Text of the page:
MUSKEGON, Mich. – President Bush (search) chided Sen. John Kerry (search) and fellow Democrats on Monday for asserting that Republicans will undermine Social Security (search), calling the strategy "the most tired, pathetic way to campaign for the presidency."
Traveling by bus through the southwest corner of this battleground state, Bush tried to improve voters' perceptions of his domestic policies by condemning Democrats for going negative -- even as he held Kerry's plans up to the harshest possible light.
"I'm running against a fellow who has got a massive, complicated blueprint to have our government take over the decision making in health care (search)," the president said. "Not only is his plan going to increase the power of bureaucrats in your life, but he can't pay for it unless he raises your taxes."
"What would you expect from a senator from Massachusetts?" Bush said, as a partisan crowd cheered the reference to Kerry's home state and its liberal leanings.
Kerry's campaign said that Bush mischaracterized its health care policy and that the president's plans would indeed put Social Security in peril.
Bush made three stops during a six-hour bus tour in Michigan, a state he narrowly lost in 2000, before heading to Colorado on Monday night. Polls show Kerry clinging to a slight lead in Michigan, with job losses and health care costs worrying voters.
"Of the 18 percent of voters who are not 100 percent committed to either candidate, their No. 1 issue is health care," said Michigan pollster Ed Sarpolus. The bulk of those wavering voters are elderly women, Sarpolus said, which might explain Bush's posture on Social Security.
Bush said, "You'll hear the same rhetoric you hear every campaign, believe me -- `They're going to take away Social Security checks.' It's the most tired, pathetic way to campaign for the presidency."
Kerry spokesman Phil Singer responded: "The only thing that's tired and pathetic is George Bush's warmed-over Social Security privatization plan from 2000 that jeopardizes the program, cuts benefits and results in a $2 trillion deficit."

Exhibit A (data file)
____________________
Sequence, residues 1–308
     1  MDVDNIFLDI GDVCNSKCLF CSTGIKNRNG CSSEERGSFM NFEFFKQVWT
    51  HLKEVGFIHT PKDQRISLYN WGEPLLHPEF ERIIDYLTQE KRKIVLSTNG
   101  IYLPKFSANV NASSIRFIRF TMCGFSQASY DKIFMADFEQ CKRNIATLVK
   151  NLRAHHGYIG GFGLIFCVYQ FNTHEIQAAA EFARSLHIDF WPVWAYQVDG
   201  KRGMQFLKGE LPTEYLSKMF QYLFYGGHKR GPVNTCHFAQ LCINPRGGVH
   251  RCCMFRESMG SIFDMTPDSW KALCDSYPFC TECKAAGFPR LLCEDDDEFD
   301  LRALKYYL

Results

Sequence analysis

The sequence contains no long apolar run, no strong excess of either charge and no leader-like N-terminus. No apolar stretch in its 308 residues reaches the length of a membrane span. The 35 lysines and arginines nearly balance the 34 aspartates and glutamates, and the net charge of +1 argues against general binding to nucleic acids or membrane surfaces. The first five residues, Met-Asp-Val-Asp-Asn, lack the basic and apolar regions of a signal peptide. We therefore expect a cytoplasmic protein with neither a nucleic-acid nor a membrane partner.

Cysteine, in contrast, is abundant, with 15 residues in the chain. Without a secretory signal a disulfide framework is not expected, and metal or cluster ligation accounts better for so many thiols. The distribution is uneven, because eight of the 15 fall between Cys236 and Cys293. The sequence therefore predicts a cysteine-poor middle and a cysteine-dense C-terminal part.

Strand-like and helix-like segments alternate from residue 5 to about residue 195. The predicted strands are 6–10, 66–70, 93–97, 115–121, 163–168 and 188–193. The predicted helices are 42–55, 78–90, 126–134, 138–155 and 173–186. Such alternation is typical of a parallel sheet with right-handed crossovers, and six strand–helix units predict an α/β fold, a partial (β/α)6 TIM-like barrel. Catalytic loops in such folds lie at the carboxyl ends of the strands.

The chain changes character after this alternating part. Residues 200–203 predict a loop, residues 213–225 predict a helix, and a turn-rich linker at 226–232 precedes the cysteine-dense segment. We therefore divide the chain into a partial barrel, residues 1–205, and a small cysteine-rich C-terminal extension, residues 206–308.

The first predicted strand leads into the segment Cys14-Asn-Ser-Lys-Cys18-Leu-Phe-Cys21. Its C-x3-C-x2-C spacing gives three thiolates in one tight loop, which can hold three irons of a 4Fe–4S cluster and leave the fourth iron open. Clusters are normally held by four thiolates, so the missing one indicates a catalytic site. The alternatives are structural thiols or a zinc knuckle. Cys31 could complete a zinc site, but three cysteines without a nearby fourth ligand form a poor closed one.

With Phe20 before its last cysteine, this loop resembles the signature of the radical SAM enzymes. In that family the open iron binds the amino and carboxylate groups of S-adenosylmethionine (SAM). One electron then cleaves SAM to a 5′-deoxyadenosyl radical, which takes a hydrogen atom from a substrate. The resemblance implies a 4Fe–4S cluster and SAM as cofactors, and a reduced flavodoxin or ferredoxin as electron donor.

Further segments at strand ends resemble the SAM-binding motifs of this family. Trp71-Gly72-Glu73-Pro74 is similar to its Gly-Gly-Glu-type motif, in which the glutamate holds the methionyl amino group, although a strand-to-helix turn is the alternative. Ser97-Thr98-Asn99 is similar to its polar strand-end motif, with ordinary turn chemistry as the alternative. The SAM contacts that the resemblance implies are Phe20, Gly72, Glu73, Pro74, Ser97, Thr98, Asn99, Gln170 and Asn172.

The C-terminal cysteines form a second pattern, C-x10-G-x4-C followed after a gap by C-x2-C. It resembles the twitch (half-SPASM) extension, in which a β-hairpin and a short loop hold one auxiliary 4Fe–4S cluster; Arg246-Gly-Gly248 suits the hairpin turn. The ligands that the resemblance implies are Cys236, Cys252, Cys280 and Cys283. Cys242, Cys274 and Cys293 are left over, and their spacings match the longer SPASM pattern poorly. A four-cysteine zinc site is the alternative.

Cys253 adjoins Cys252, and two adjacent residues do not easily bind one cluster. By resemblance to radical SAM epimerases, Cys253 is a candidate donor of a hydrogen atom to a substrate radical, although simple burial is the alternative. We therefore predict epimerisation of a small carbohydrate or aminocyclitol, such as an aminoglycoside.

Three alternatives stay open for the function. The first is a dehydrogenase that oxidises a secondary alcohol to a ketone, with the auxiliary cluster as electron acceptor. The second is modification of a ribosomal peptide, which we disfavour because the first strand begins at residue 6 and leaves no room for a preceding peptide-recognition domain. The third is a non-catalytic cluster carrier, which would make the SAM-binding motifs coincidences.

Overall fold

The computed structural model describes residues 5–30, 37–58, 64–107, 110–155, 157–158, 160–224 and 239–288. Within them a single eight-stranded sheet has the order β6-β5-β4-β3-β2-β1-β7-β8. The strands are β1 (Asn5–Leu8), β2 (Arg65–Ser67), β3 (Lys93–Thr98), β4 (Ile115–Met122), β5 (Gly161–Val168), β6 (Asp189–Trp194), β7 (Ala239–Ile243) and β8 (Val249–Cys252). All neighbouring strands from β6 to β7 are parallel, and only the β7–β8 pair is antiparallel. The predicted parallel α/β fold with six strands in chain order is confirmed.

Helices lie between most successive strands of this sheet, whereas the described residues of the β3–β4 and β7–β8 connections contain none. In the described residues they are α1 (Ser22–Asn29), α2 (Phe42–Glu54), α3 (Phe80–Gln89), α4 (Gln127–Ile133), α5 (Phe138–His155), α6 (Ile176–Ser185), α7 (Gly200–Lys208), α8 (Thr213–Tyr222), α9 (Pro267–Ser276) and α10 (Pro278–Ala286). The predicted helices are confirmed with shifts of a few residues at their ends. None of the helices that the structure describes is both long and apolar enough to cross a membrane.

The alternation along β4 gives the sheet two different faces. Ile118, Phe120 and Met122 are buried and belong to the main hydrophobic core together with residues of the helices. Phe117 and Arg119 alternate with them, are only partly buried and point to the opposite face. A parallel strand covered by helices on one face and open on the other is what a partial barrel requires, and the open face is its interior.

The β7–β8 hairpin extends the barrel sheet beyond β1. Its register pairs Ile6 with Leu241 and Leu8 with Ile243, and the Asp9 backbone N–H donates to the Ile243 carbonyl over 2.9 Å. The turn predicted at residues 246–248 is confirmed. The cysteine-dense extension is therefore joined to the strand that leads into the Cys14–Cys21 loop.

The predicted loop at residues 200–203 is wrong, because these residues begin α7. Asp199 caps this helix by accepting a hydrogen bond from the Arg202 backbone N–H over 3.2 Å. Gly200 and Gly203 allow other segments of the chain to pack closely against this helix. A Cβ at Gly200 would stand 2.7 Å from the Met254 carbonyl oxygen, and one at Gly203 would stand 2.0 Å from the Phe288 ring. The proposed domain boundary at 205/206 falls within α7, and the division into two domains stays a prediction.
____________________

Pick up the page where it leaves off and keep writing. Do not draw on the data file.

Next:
Kerry's backers made their presence known along Bush's bus route. "Show us jobs," read a sign at the first intersection out of Muskegon. The White House countered with higher-tech theatrics: The president's bus drove into left field of a baseball stadium in Battle Creek, Mich., stopping at the edge of the crowd so Bush could jump out and shake hands along a raised platform.
Kerry plans to expand the health insurance system for federal employees to private citizens through tax credits and subsidies. The government would help companies and insurers pay an employee's catastrophic medical costs if the firms agreed to hold down premiums.
Outside analysts peg the cost at $895 billion over 10 years, to cover 27 million more people. Kerry says he would pay for it by rolling back Bush's tax cuts for people earning more than $200,000 a year.
The number of Americans without health insurance has risen during Bush's presidency, reaching nearly 45 million in 2003. Medicare costs are rising rapidly.
On Social Security, the president wants to give younger workers the option of putting part of their payroll tax into personal retirement accounts (search), giving them a chance to make a higher return.
In Iowa, Vice President Dick Cheney echoed Bush's criticism of Kerry's health care plan. The Bush-Cheney campaign began airing an ad saying Kerry's health care plan would leave "big government in charge. Not you. Not your doctor."
On Tuesday, addressing members of the National Guard in Las Vegas, the president plans to say he's proud of his own service in the Texas Air National Guard but won't mention the controversy regarding his Vietnam-era tour, aides said.